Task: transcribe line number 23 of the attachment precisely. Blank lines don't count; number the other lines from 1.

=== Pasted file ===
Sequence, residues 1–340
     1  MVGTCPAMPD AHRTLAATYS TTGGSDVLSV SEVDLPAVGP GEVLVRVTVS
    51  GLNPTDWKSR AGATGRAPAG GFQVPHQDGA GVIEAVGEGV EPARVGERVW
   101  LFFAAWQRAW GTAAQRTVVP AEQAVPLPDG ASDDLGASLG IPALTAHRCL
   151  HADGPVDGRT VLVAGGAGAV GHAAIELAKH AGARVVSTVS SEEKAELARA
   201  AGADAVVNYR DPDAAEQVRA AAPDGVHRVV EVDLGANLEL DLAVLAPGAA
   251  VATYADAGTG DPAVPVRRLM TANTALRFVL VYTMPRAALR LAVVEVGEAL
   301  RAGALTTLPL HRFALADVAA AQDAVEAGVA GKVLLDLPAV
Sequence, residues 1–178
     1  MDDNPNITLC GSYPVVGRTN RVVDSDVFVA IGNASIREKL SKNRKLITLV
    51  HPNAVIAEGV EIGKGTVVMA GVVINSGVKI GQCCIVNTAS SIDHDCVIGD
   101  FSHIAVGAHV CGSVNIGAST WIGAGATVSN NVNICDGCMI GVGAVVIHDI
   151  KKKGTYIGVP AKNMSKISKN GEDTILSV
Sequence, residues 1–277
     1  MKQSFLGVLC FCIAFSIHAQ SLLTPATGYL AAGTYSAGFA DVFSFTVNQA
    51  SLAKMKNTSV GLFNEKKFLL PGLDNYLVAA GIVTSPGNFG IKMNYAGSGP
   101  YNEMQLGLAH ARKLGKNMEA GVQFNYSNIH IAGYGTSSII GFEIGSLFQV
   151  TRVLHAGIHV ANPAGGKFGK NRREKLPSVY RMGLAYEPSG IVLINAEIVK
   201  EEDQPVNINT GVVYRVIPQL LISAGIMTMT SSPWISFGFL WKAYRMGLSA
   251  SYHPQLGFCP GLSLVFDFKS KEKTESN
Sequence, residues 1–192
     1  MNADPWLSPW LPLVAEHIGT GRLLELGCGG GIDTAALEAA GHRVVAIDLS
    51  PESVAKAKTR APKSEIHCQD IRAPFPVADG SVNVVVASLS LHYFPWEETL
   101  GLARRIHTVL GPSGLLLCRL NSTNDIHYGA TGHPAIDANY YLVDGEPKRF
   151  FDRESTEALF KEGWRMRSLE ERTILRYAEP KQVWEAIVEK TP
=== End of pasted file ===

    51  PESVAKAKTR APKSEIHCQD IRAPFPVADG SVNVVVASLS LHYFPWEETL